Čingrija was a descendant of one of the most prominent bourgeois families in Dubrovnik, and after completing his doctoral studies in law at the University of Padua (1862), he came back to Dubrovnik and started working as a lawyer. Under the influence of the then popular ideas of the Italian Risorgimento, he decided to engage in a lively political fight for Croatian national interests in Dalmatia, and immediately after the fall of Bach’s absolutism became actively involved in political life as a supporter of the National (later Croatian) Party. His participation in political life lasted almost six decades (1862 – 1918), 48 years of which he spent as Dubrovnik’s representative in the Dalmatian parliament in Zadar, 8 years as the party’s president and 3 mandates as the mayor of Dubrovnik (1878 – 1882, 1899 – 1905, 1905 – 1911, and briefly in 1918). As a mayor of Dubrovnik, he was remembered as one of the most beloved persons to ever hold that office, and on account of his probity and moderation his compatriots, as well as his colleagues regardless of their political affiliation, showed him respect during his lifetime; marching songs were composed in his honour, one street was named after him, and artists as famous as Ivan Meštrović and Vlaho Bukovac created portraits of him. He was politically active at the time when Croatian interests were divided by administrative separation within the Austro-Hungarian Monarchy ruled by the Habsburg dynasty. Throughout his life, Pero and his associates tirelessly and consistently fought against the so-called Autonomists for the unification of Dalmatia and Croatia proper. After 1900, he became the leader of the National Croatian Party, and following in the footsteps of the national movement in Croatia proper, he wanted to create the requisite concentration of Croatian politics, which coincided with wishes of the majority in the Party of the Right in Dalmatia. Thus, the cooperation between the “nationalists” lead by Pero Čingrija and the “rightists” lead by Ante Trumbić, resulted in their unification in 1905 as one Croatian Party, with Čingrija as the party’s president. He advocated the newly established common policy of “new course” and closely cooperated with Frano Supilo, whom he knew when Supilo was a young man and who was greatly influenced by Čingrija, and with Ante Trumbić. Thanks to their joint efforts, the meeting of Croatian politicians took place in Rijeka in 1905. Pero presided over the adoption of the Rijeka Resolution, which turned a new leaf in contemporary Croatian political life.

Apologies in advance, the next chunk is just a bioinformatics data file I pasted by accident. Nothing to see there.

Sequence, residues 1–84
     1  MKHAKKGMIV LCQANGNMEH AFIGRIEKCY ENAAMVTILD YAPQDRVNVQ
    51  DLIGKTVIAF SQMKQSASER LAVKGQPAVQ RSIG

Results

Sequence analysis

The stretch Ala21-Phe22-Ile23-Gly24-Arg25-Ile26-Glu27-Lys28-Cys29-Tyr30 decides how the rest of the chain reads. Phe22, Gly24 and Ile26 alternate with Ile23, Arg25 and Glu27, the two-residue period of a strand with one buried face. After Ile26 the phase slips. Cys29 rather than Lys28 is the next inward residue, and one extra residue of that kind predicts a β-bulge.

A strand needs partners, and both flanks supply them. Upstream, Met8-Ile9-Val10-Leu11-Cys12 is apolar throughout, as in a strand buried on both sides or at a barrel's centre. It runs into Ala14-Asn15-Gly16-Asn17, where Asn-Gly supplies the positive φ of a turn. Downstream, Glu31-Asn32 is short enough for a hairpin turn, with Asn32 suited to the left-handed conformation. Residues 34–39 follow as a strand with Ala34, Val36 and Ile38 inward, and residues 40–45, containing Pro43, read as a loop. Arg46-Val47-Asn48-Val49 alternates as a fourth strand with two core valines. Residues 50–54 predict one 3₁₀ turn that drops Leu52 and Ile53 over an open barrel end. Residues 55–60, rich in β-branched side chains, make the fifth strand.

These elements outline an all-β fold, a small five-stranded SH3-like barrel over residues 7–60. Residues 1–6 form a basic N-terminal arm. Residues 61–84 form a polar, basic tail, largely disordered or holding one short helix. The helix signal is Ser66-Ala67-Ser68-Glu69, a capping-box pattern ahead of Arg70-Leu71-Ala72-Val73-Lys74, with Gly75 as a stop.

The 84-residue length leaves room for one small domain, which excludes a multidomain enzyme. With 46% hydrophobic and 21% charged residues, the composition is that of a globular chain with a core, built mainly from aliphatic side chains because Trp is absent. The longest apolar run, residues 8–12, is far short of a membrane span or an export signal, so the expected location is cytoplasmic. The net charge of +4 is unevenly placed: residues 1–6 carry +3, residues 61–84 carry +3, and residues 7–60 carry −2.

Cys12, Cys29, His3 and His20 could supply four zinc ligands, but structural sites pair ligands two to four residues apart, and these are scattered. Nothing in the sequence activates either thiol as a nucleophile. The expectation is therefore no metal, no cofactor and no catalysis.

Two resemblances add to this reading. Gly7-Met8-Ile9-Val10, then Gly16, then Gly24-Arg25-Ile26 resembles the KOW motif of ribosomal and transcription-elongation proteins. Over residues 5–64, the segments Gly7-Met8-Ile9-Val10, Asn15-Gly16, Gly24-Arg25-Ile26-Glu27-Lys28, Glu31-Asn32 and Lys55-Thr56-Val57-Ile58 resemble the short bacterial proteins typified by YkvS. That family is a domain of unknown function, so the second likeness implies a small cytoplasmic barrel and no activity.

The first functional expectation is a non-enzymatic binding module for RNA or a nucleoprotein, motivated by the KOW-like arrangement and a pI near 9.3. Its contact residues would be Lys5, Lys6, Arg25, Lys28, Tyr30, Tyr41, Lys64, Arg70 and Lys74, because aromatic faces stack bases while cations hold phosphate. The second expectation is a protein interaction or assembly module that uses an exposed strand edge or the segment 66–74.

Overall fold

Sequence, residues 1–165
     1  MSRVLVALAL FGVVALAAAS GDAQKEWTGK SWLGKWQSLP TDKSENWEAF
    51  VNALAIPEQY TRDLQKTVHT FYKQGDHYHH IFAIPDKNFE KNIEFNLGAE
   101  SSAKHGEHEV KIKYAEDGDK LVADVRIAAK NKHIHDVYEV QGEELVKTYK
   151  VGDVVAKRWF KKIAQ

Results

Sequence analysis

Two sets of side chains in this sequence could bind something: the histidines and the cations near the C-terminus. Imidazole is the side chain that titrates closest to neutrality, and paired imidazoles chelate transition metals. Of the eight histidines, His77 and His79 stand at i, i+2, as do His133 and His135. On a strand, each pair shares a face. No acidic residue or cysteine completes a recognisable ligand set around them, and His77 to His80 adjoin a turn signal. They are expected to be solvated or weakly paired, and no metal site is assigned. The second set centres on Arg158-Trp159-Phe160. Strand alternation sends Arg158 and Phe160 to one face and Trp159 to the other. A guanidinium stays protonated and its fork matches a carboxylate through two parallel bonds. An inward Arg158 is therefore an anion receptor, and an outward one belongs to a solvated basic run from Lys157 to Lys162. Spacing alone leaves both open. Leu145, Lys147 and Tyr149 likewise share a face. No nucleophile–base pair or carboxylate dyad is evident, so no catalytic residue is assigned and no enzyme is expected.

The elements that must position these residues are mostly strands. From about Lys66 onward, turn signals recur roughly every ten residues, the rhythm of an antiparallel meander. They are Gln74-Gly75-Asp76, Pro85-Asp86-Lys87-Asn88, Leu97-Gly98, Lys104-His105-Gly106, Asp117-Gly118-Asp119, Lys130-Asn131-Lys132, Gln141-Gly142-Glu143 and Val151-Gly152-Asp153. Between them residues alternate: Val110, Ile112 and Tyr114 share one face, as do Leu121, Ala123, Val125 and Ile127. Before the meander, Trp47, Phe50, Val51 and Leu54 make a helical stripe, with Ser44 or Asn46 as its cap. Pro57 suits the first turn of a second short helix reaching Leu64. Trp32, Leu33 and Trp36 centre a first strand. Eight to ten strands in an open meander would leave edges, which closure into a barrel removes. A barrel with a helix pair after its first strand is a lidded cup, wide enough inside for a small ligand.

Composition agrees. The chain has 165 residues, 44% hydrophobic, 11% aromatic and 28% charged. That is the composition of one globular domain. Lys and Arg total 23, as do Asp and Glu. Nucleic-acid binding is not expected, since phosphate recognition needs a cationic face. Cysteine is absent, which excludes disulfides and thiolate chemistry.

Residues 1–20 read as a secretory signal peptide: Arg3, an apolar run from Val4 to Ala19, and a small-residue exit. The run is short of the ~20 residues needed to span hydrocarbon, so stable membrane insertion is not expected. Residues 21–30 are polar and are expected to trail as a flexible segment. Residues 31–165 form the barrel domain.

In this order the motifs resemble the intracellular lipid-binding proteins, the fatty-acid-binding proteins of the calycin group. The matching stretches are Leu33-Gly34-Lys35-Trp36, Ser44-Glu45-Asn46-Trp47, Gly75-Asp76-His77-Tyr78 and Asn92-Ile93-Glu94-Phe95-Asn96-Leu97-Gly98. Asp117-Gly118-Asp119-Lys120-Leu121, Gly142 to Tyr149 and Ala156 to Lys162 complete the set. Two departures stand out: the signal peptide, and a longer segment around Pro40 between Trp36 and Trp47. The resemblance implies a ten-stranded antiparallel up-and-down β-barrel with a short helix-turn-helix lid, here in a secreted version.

Pero possessed great energy for work and was the only Dalmatian politician who entered politics with the introduction of constitutionality in 1861 and who lived to see the collapse of the Austro-Hungarian Monarchy in 1918. His son Melko Čingrija (1873 – 1949) was also a politician and a mayor of Dubrovnik (1911 – 1914 and 1919 – 1920). Pero spent the better part of his life in Široka Street, and he would stop almost every day, before his usual stroll, into the Šarić family pharmacy at Placa (Stradun), where a group of people were always ready to talk and joke. His family also owned a small summer residence in Srebreno, in Župa Dubrovačka where he regularly spent holidays. He was a widower and at the end of his life he moved, with his son and daughter-in-law, to their new and comfortable villa in Boninovo, where he gardened as a hobby. This was – and it could rightly be said, still is today – one of the most beautiful private villas in Dubrovnik.